April 1, 2019
On March 28—the same day on which the president fatuously stated,” “Puerto Rico has been taken care of better by Donald Trump [since the destruction of Hurricane Maria] than by any living human being, and I think the people of Puerto Rico understand it”—Congress introduced a bill that would entitle the commonwealth to all of the disaster relief that reaches political entities on the U.S. mainland.
The Puerto Rico Admission Act of 2019, which was introduced by Representative Darren Soto (D-Florida) and Puerto Rico Resident Commissioner Jenniffer González-Colón, a Republican who represents the island in the House, would grant Puerto Rico equal civil rights and status as the 51st state within 90 days of passage.
“From the day I was sworn in as Puerto Rico’s sole representative in Congress, and filed the Puerto Rico Admission Act, I stated very clearly that I would work different strategies, across all platforms to achieve the full equality for Puerto Rico, which can only be achieved through statehood,” Gonzalez said in a news release.
According to a report by CNN, the move to sponsor legislation came as the Republican-controlled Senate considered a new disaster relief package for the territory—and as tensions continued to flare between President Donald Trump and Puerto Rico Governor Ricardo Rosselló, who supports the bill.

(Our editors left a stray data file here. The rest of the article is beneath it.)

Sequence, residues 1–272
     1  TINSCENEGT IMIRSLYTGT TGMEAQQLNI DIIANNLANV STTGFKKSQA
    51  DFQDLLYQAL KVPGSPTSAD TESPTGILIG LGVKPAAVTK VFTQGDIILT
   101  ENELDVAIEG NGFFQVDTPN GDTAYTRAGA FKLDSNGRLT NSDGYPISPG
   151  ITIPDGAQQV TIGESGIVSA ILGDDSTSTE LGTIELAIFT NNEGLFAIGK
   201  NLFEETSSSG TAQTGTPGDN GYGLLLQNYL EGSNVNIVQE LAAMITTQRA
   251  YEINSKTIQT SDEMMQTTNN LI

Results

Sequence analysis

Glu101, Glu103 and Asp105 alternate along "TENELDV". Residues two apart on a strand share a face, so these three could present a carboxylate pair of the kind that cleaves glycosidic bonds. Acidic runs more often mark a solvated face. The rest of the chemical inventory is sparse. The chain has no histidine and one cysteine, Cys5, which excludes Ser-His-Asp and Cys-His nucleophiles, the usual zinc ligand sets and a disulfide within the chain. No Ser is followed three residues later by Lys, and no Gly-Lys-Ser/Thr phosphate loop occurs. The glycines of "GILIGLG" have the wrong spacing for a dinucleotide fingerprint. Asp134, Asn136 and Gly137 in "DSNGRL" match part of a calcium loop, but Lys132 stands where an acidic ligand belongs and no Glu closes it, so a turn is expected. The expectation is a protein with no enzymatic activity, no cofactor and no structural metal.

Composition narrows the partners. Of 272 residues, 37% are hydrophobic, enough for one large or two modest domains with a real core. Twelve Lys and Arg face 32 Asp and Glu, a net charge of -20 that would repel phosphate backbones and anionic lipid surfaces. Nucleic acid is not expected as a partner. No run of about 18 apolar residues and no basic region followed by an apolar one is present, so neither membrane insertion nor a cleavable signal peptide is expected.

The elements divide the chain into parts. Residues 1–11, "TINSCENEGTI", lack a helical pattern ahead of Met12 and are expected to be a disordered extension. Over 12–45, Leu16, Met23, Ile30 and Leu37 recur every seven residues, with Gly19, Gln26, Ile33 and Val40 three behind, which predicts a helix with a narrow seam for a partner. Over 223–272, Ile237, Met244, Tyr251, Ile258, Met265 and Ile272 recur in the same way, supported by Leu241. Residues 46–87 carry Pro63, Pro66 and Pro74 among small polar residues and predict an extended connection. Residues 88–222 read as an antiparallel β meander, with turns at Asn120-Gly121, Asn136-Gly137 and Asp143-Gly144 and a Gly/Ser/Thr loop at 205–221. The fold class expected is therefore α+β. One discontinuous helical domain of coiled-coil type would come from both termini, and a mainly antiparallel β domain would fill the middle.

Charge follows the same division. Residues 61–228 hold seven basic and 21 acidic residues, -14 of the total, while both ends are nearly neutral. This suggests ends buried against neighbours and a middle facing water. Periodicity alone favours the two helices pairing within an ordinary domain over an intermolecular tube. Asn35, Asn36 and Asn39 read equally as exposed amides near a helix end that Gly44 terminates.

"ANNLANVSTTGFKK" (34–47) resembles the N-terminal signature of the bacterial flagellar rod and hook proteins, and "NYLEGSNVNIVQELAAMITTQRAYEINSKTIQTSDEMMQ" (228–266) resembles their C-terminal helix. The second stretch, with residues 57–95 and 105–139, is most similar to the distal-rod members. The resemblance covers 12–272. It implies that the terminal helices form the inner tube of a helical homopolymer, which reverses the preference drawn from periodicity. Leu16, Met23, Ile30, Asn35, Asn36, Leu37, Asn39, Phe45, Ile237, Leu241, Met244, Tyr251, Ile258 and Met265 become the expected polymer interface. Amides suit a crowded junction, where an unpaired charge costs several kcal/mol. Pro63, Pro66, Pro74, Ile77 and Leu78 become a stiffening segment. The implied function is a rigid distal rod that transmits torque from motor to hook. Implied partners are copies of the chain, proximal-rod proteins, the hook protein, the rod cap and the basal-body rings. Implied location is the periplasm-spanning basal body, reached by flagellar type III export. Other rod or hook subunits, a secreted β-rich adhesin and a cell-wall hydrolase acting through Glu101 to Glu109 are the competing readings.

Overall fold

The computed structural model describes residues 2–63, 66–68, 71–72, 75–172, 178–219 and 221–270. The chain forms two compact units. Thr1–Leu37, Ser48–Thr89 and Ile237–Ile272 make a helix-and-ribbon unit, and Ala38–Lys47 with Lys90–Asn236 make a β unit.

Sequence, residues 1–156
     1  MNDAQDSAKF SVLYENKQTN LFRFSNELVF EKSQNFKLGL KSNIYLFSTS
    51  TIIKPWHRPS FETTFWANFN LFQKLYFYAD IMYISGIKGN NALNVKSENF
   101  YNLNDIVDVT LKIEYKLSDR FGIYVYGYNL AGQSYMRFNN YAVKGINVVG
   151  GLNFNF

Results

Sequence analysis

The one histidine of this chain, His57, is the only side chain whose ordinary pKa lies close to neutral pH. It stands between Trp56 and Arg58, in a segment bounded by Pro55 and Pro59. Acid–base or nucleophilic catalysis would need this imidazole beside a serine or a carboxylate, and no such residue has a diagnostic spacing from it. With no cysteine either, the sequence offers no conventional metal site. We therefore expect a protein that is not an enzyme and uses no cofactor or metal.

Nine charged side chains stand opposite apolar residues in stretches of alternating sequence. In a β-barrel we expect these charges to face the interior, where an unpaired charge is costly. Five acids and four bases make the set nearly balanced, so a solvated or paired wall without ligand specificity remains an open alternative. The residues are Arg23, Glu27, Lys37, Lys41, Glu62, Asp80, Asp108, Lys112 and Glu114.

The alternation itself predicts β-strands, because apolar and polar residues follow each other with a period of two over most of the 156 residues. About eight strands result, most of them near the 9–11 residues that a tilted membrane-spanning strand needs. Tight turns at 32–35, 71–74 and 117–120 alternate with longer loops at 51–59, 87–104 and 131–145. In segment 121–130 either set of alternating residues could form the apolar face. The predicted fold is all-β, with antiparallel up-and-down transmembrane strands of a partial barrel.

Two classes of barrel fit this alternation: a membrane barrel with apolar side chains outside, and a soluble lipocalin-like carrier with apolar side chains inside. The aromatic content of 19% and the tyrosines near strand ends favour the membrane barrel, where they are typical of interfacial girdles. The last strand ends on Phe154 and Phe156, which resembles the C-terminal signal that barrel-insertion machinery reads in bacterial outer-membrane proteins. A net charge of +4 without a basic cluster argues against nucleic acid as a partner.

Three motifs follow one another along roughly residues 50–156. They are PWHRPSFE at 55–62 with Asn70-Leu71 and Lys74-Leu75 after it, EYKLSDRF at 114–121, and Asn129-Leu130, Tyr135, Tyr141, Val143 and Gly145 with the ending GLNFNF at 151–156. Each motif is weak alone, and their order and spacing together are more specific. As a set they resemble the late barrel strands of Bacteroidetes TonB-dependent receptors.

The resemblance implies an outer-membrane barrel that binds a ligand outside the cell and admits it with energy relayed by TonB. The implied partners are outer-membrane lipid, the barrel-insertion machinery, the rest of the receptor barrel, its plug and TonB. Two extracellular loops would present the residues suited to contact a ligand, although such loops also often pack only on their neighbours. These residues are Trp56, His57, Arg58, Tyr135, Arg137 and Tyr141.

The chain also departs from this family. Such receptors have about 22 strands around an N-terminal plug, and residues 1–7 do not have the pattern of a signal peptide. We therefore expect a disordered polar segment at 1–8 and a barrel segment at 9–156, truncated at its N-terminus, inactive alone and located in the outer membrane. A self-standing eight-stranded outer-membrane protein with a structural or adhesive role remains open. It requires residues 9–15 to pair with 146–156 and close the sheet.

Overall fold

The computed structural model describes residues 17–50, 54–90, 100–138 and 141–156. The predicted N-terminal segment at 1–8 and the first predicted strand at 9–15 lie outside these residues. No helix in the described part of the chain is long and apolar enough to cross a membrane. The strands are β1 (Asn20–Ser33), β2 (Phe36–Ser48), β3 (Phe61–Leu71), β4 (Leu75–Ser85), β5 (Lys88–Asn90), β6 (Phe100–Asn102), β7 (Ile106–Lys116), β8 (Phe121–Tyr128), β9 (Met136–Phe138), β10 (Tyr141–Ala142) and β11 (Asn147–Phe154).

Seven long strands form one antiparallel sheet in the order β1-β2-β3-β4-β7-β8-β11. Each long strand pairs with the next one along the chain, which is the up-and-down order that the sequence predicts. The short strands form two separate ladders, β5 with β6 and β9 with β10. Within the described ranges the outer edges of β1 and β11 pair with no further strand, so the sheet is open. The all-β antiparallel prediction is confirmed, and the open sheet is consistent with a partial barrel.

“Puerto Rico’s colonial status and unsustainable relationship with the federal government has gone on for over a century, even as our citizens have contributed to the growth, culture, and social fabric of the United States; and stood shoulder-to-shoulder with our fellow citizens on battlefields around the globe and under our same flag,” Rosselló, said in the release.
Indeed, the legislation is badly needed, in order to get the type of aid to the island that is needed for the infrastructure to be rebuilt, more rapidly and completely than has been done to date.
Although he expects credit from the people of Puerto Rico, President Trump still is being castigated for a visit he made to the devastated island after the hurricane, in early October 2017—during which he threw paper towels to the media and local representatives at a press conference and congratulated Puerto Rico residents for escaping the higher death toll of a “a real catastrophe like Katrina.”
Since that time, the president consistently has challenged efforts to provide more adequate disaster funding and food stamp coverage for the island. Although the territory is still recovering economically, Trump reportedly told Senate Republicans last week that he questioned the wisdom of sending the island additional disaster relief aid, CNN said.
In Thursday’s news release, Soto referenced disaster relief efforts as a reason to give Puerto Rico statehood.
“We have seen time and time again that colonial status is simply not working,” Soto said. “Look no further than the abysmal Hurricane Maria recovery efforts and the draconian PROMESA law [the Puerto Rico Oversight, Management, and Economic Stability Act] to prove this point all too well.”
Research contact: @CNNPolitics